Thirteen participants were excluded from analyses. Participants were excluded: (1) if they gave any indication, either in the post-test in-person debrief or in the computer-based exit questionnaire, that they had suspicions about the genetic test prior to or during testing, or (2) if they were suspicious about the instruction given to them about the caffeine content of their beverage for any reasons other than their withdrawal symptoms (e.g. a general distrust of psychology experiments). This left 80 participants upon whose data analyses were performed (n = 20 participants in each of the four groups). Six of these participants indicated in the exit questionnaire that they believed the caffeine content of their beverage was different what they were told (Told Caffeine group = 4/40; Told Decaf group = 2/40); however these participants were not excluded from analysis because, when probed further during the debrief session, they indicated reasons for their belief that related to the way they felt after their coffee (e.g. ‘because I did not feel any kick’ or ‘because I felt more awake after drinking the coffee’) rather than any general suspicions relating to the specific experiment or to psychological research overall. As there was no significant difference in this proportion between the Told Caffeine and Told Decaf group (χ2 (1) = 0.18, p = 0.671) these participants were analysed in the group they were allocated to.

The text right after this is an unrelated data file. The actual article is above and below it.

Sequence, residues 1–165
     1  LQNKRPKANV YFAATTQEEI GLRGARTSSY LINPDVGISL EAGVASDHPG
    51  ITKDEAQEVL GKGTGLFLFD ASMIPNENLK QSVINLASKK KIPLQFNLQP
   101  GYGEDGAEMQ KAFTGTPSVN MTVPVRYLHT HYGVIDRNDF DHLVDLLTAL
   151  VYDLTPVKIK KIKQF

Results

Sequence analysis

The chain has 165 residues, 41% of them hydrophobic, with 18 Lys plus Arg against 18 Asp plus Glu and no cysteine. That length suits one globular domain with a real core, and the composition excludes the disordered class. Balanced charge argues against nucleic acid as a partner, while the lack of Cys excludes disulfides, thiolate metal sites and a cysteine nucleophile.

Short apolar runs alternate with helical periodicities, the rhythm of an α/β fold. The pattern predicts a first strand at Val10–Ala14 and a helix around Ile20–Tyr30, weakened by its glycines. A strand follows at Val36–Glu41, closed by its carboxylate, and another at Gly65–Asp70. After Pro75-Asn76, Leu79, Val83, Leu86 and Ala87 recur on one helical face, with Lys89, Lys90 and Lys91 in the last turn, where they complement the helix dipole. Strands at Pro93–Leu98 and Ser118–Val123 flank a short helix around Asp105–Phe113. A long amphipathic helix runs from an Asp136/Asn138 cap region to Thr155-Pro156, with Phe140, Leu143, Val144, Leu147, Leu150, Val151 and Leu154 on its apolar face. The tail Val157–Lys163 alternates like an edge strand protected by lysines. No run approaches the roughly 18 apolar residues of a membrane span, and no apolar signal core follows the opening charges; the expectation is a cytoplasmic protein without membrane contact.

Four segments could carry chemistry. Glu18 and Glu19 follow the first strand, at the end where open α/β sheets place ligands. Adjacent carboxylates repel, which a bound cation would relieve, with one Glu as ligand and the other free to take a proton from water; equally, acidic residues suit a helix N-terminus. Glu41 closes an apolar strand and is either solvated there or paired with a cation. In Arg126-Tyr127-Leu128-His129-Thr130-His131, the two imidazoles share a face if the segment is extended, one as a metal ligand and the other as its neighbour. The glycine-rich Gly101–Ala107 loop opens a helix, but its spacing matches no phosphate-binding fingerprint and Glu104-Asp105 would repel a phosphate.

Participant Characteristics

Mean daily caffeine consumption was 296.9 mg (SD = 120.5) per day. All participants indicated that their primary source of caffeine was from coffee, with an average consumption of 3.1 180- ml cups of roasted or ground coffee per day (SD = 1.2). The modal number of attempts at quitting caffeine prior to enrolling in the study was 1 (M = 2.0, SD = 3.6). The mean number of years of daily caffeine use was 11.9 (SD = 10.8).

Primary Outcome: Caffeine Withdrawal Symptoms